Wilderness Spotlight: Ellicott Rock Wilderness

Ellicott Rock is unique among wilderness areas in that it is shared between three states: North Carolina (3,394 acres), Georgia (2,021 acres) and South Carolina (2,859 acres).  The area was designated as wilderness in 1975.  It received its name for the “N G” chiseled in a rock by surveyor Andrew Ellicott in 1811 indicating the point of beginning of the dividing line between North Carolina and Georgia.  However, two years later, a second rock was declared the true beginning point by commissioners from NC and SC.  Both Ellicott and Commissioners rocks can be seen during periods of low water in the Chattooga River flowing through the center of the wilderness area.

There are two entrances into Ellicott Rock Wilderness on the NC side and both have trails which will lead you to the rocks.  The Ellicott Rock Trail is found at the western entrance, southeast of Highlands, NC.   The shorter, Bad Creek Trail, is accessed from the eastern entrance south of Cashiers on Bull Pen Road.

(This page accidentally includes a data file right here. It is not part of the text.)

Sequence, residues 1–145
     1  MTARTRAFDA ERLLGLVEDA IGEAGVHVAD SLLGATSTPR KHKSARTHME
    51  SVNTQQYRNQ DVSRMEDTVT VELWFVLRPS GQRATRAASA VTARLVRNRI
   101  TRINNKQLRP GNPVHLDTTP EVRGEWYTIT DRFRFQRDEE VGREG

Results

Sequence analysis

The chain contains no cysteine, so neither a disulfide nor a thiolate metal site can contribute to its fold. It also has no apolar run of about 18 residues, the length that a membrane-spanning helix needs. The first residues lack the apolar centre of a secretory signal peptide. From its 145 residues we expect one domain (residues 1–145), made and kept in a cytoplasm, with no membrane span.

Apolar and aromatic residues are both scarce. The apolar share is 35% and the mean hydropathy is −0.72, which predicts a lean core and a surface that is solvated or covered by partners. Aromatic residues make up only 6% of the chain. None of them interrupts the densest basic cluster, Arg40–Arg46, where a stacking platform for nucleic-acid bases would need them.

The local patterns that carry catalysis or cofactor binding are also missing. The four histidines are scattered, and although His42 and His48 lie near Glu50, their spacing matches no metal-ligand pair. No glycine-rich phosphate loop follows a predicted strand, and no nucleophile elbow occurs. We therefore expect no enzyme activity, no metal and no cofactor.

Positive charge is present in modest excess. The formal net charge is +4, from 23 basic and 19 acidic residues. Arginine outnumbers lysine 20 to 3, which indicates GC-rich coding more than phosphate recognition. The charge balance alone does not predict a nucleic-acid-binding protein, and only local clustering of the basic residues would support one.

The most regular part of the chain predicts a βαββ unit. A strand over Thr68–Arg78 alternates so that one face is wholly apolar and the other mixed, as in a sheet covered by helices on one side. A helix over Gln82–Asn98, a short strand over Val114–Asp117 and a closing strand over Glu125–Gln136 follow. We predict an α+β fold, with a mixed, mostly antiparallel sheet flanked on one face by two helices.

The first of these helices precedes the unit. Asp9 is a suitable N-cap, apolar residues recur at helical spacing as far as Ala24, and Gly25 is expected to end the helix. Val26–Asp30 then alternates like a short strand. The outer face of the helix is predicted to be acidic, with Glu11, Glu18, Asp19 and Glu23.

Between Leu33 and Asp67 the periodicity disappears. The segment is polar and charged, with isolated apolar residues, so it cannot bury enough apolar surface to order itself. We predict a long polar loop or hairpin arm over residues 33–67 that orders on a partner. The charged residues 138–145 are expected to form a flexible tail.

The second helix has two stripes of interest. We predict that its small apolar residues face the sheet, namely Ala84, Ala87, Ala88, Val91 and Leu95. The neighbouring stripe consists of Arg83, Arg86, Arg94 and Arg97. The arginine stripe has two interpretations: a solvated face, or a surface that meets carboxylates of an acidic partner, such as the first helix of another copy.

You’ll find a handful of primitive campsites along Bull Pen Road at Ammons Branch Campground and more in the gorge by the river.  This stretch of the Chattooga is popular with trout fishermen but it’s not easy to reach.  The last three miles go straight down – or up on your return.  The hike will reward you with solitude through rugged terrain, second-growth forests and lush flora created by the near rainforest conditions in the area which averages between 70 and 80 inches of rainfall each year.

Another way to explore the wilderness is from the Chattooga itself. Protected in 1974 by The Wild and Scenic Rivers Act, it is considered by most to be the premier whitewater river in the Southeast, though the wildest sections are south of the NC line.  http://www.rivers.gov/rivers/chattooga.php